Need a chore schedule for your summer garden?
It is easy to let those lazy summer days pass by in a haze.
Optimize your garden with this month-by-month guide of the best way to budget your time this summer! You will have beautiful blooms the entire season, and be prepared for the autumn climate shift when the time comes.
The first month of summer is a great time to get work done before the hottest days of summer approach.
Take advantage of the beautiful June weather before the scorching heat of late summer and get all your seeds planted that you have been saving up.
June is a great time to mulch if you want to reap the benefits.
Mow your grass to about 2 1/2 inches in length. Any shorter can cause weeds and increase the damage done by drought.
Deadhead and pinch back flowers and plants that need it.
Succession planting can be a great way to plan crops for the summer. Start slowly with a small amount of the plant, and then wait a few weeks and plant more. This staggering is known as succession planting.
Thinning fruit trees is a good way to prevent an overabundance of small fruit from growing on the tree and keeps the tree from getting too heavy.
Keep an eye out for pests such as Japanese beetles and grubs.
Midsummer can be a great time to take a breather and monitor your garden.
During the heat of summer, it might be a good idea to relax from all the spring time rigors of planting and potting. The most important thing is to make sure your garden is well-watered. Most plants need at least an inch of water a week.
Midsummer can be a great time to add compost to your plants.
July is an ideal time to stay on top of weeds before they get out of control in late summer.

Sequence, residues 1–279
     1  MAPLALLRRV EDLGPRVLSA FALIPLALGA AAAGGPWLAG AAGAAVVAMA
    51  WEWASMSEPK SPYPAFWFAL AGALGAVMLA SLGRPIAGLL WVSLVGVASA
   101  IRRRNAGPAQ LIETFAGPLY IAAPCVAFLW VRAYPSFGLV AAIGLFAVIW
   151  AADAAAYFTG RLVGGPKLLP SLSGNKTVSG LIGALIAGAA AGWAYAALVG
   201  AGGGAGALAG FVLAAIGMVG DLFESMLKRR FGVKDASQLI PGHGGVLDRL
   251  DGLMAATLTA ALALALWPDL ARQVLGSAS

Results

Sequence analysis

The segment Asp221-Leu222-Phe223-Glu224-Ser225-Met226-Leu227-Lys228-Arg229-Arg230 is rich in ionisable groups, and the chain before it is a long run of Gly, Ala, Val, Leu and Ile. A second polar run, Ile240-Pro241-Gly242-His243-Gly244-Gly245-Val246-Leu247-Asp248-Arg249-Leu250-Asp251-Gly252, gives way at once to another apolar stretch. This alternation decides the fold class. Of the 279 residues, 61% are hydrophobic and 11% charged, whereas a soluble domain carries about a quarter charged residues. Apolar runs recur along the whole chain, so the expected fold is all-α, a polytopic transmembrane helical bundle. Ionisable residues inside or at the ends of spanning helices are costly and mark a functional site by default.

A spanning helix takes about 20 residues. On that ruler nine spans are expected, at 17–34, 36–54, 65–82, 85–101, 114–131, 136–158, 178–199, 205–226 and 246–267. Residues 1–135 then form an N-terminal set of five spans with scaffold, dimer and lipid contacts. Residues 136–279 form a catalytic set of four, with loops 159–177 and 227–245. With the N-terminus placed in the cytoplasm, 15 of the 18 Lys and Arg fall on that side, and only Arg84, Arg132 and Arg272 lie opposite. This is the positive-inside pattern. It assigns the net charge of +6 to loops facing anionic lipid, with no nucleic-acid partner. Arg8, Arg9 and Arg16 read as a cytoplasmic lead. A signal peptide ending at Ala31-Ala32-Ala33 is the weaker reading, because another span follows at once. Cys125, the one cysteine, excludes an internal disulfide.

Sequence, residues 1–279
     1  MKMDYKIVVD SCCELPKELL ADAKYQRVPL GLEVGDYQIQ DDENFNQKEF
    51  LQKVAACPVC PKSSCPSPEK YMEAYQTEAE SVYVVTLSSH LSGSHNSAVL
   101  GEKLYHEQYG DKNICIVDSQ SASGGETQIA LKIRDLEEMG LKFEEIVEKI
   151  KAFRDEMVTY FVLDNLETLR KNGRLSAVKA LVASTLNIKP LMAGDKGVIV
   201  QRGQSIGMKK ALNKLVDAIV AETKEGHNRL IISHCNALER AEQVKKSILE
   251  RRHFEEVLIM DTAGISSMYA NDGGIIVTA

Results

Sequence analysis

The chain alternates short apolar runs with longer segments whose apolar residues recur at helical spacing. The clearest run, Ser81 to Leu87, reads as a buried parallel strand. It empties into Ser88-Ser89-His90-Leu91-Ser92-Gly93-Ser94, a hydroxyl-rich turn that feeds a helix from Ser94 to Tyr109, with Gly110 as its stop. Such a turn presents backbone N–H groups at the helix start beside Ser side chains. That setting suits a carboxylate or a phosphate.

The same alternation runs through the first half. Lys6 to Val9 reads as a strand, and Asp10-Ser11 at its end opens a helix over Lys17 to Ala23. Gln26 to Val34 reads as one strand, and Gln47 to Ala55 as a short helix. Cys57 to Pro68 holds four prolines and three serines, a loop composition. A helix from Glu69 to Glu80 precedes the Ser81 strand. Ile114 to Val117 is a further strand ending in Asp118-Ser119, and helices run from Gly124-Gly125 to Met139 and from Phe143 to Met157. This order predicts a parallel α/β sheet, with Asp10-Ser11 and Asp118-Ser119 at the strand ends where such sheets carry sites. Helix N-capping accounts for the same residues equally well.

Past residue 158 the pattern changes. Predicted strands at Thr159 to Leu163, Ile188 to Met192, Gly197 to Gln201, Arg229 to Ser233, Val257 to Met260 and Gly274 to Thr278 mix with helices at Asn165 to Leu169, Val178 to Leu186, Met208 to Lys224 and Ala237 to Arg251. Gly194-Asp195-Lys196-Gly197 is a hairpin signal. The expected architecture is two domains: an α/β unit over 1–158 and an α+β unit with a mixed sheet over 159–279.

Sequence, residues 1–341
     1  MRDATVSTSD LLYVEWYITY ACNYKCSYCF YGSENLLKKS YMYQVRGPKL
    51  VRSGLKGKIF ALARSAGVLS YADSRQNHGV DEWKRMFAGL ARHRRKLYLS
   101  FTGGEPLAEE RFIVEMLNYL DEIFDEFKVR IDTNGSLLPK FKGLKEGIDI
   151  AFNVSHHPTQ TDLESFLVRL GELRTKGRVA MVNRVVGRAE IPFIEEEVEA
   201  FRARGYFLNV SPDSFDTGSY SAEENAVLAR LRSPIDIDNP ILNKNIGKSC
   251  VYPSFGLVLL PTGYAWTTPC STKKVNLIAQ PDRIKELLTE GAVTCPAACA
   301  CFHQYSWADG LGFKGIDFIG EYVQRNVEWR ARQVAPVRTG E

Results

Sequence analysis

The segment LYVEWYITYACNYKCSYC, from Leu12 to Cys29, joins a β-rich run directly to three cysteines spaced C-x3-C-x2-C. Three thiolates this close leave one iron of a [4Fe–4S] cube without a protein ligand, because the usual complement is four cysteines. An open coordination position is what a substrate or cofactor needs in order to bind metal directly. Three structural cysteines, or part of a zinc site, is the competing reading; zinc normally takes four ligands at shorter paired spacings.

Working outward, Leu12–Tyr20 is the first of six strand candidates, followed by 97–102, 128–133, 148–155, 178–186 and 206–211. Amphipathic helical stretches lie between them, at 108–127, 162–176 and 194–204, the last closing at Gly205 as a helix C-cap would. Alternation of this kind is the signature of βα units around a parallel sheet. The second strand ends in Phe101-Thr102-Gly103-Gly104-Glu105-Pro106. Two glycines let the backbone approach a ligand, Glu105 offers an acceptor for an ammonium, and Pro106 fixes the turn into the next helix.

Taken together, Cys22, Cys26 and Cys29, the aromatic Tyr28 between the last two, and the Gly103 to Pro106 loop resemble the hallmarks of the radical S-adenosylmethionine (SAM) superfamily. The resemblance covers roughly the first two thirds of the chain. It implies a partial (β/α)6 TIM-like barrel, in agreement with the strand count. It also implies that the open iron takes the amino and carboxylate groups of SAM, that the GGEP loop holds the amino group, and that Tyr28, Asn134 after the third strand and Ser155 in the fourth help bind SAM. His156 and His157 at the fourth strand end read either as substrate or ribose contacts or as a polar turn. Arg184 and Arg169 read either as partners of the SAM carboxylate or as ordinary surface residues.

Continue to pinch back and deadhead flowers.
Begin planting certain fall crops now.
Keep an eye on pests such as Japanese beetles and grubs. Nematodes – microscopic worms that destroy many pests without harming plants – can be a great way to control grubs.
The final days of summer are brutally hot, so do not neglect your garden!
Weed your garden. Weeds take resources away from plants that need them more.
Be on the lookout for water sprouts and tree suckers, which are extra unnecessary growths that sprout from trees or plants and rob valuable nutrients from them.
Check on your hanging plants.
Plant perennials such as sedum and black-eyed susan.
Top off mulch if it is looking sparse.
Add compost to give plants a boost before the colder months. Remember to aerate your compost heap so it doesn’t dry out.
Keep your lawn well-watered.
Depending on what zone you are in, you might be ready to start your fall garden in August!
What are some of the annual summer chores you have for your garden? Let us know!